humanities computing centres: a typology (77)

Tue, 18 Apr 89 20:24:51 EDT

Humanist Mailing List, Vol. 2, No. 857. Tuesday, 18 Apr 1989.

Date: Mon, 17 Apr 89 19:38:26 EDT
From: George Brett <ghb@ecsvax>
Subject: humanities computing centers - a perspective

I have observed a number of different "cultures" within academic
computing. In some respects these "cultures" represent levels of
commitment from the local college or university. The "levels"
provide one way of looking at support. I would be most interested
in hearing/reading about other models.

Level I: At the lowest level we find a faculty member as 'de facto'
computer support agent for a department or school. This person may or
may not be supported by a formal computing center on campus. Even if
there is a computing center, the center staff may not "officially"
support hardware or software used by the humanities faculty. (In some
cases I have heard of a graduate student, undergraduate student, or
staff member in this role. However, most often the "champion" is a
faculty member.)

Level II: The campus computing center often offers the next level of
support. This is a case when the center has user support staff who are
assigned clientele either by hardware or software. A major difficulty
here is that the staff rarely have any knowledge of specific
disciplines beyond computer science.

NOTE: It has been my experience that in most cases the first
two levels exist simultaneously. This happens for many
reasons: politics, expediency, personality conflicts,
economics, familiarity with content, or preference of
non-supported hardware and/or software.

Level III: At this level of support there would be full time computing
consultant(s) / programmer(s) assigned to the department or school.
Following a library paradigm where the support person is both an expert
in the field within the humanities as well as an expert at reference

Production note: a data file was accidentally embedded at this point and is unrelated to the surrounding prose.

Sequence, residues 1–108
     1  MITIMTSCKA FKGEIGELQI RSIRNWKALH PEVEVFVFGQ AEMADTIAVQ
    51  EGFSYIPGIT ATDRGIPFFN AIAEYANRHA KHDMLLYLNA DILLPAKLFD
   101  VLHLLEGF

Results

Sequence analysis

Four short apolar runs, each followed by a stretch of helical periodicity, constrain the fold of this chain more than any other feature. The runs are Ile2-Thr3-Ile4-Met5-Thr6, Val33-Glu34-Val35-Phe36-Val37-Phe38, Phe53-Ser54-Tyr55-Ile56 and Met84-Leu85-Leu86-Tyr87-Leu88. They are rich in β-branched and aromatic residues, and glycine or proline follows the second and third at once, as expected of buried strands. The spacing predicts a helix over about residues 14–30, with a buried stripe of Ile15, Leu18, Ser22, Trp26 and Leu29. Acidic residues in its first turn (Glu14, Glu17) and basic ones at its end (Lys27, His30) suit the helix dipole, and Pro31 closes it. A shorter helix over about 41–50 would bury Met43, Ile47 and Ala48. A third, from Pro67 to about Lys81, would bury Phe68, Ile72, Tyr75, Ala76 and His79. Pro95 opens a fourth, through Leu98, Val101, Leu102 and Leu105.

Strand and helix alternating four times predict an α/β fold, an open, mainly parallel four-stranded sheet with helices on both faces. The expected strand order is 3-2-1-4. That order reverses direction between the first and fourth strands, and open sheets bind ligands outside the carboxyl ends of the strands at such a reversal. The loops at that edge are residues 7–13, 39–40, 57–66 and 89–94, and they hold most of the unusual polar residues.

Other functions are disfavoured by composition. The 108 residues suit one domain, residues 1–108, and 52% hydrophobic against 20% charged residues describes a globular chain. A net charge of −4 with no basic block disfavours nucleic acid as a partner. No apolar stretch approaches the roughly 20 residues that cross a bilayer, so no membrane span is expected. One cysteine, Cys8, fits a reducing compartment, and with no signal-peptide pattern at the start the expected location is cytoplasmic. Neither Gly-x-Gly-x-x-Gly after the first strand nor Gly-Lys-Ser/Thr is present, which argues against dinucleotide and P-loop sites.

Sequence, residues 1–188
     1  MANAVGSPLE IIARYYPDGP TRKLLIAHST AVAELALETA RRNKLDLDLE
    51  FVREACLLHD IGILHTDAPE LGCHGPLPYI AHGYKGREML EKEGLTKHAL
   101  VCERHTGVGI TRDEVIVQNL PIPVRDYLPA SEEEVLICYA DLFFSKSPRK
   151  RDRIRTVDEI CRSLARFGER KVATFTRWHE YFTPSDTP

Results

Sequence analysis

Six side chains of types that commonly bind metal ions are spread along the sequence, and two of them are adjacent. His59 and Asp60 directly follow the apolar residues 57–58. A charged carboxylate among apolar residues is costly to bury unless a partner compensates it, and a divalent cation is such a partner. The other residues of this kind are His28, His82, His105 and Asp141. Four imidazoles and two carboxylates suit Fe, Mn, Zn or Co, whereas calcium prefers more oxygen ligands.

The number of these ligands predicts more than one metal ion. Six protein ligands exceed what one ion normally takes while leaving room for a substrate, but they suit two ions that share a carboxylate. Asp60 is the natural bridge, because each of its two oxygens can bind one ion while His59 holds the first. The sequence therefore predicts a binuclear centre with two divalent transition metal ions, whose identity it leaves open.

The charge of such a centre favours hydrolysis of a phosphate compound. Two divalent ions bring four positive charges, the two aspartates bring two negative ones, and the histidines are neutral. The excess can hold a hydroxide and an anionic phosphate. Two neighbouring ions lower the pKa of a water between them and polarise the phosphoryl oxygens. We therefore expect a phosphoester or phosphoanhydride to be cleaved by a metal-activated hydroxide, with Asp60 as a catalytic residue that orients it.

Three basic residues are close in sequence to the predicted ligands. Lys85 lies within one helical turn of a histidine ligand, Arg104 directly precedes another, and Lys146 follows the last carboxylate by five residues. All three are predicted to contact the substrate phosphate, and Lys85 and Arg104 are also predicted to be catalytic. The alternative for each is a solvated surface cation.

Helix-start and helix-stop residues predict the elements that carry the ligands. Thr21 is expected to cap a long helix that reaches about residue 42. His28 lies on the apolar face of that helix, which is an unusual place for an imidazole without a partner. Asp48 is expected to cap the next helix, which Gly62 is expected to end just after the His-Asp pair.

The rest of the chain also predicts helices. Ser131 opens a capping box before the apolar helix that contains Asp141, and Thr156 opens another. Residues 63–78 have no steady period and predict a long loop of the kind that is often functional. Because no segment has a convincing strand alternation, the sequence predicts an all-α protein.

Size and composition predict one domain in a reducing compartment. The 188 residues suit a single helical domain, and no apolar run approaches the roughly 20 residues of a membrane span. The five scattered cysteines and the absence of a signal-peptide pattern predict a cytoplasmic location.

librarianship for the humanities. The same should apply for
computing. The consultant/programmer should be a humanist as well as a
computing expert. This person or persons should be supported with
higher level experts at the university or campus level.

Level IV: The fourth level is a computing center that is dedicated to
the humanities. This may have a staff as few as two or as many as
budgets permit. The emphasis here is that this model is a centralized
form of Level Three that serves more than one department or school.

Level V: The fifth level is the humanities computing research
"institute" or "center" such as the one at the University of Toronto. I
have not visited one of these sites. However, from reading and
comments I would imagine this center would provide resources for
research into the application of computing technology to the
humanities. Such an institute would also promote or support such
research by other faculty.

The humanities computing research center would not necessarily
perform direct support for end users as would a campus computing
center. My vison of this center is an extension of the library model:
Here you have a major Research Library and a Research & Design
Institute with multiple resources including diverse personnel and
latest technology. In-house staff would include technicians and
scholars who not only provide solutions to existing problems, but also
develop answers to problems that most people do not even know of.

The reader will notice that as the levels go higher the support center
administration becomes more centralized. This fact might support the
case that a Level V Center should be a regional, state-wide, or
national center.